San Bernardino will resume paying into the California Public Employees’ Retirement System in July, ending an almost yearlong hiatus that began when it entered bankruptcy last August, according to a spokeswoman for the fund.
The city’s obligation to the largest U.S. pension, known as Calpers, is $25.5 million for fiscal 2013, which ends June 30, according to fund data. While that’s just 0.3 percent of all employer contributions to the system, fund and city documents show it’s about 21 percent of San Bernardino’s revenue.
San Bernardino has told Calpers that its payments will resume with the start of fiscal 2014 on July 1, said Amy Norris, a fund spokeswoman. Officials in the city of 213,000 haven’t indicated how they will come up with the $10.2 million already owed, she said by e-mail. The stopped payments raised concerns at the retirement system, which objected to the bankruptcy.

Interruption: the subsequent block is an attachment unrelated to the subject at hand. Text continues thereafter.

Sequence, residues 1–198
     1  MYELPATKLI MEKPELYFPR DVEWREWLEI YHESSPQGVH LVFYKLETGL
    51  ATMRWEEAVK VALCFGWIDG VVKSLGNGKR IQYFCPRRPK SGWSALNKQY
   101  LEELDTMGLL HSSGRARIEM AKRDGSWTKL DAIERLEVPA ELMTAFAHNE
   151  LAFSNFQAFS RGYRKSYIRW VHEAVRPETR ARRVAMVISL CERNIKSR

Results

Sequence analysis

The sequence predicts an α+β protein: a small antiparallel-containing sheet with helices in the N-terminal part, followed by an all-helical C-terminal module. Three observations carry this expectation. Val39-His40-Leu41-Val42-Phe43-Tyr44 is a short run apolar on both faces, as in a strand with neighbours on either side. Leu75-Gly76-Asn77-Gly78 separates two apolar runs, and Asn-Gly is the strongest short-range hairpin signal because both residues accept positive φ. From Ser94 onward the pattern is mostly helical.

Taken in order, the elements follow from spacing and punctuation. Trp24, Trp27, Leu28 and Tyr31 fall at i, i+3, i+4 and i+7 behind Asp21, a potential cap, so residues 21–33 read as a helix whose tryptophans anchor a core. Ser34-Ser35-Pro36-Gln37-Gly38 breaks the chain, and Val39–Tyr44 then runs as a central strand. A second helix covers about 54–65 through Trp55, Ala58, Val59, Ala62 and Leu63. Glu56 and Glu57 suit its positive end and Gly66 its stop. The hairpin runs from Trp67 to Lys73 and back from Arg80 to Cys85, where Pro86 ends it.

City Manager Allen Parker and Jim Morris, Mayor Patrick Morris’s son and chief of staff, didn’t immediately respond to telephone messages requesting comment on the payment resumption.
Stockton, California, the largest U.S. city to enter bankruptcy protection, continued to make payments to Calpers. The $256.6 billion fund has more than 1.6 million members and provides benefits to about 551,600 retirees.
Calpers formally objected to San Bernardino’s bankruptcy filing, arguing that city officials made “irresponsible and short-sighted” decisions that led to the fiscal predicament.
The bankruptcy case is In re San Bernardino, 12-28006, U.S. Bankruptcy Court, Central District of California (Riverside).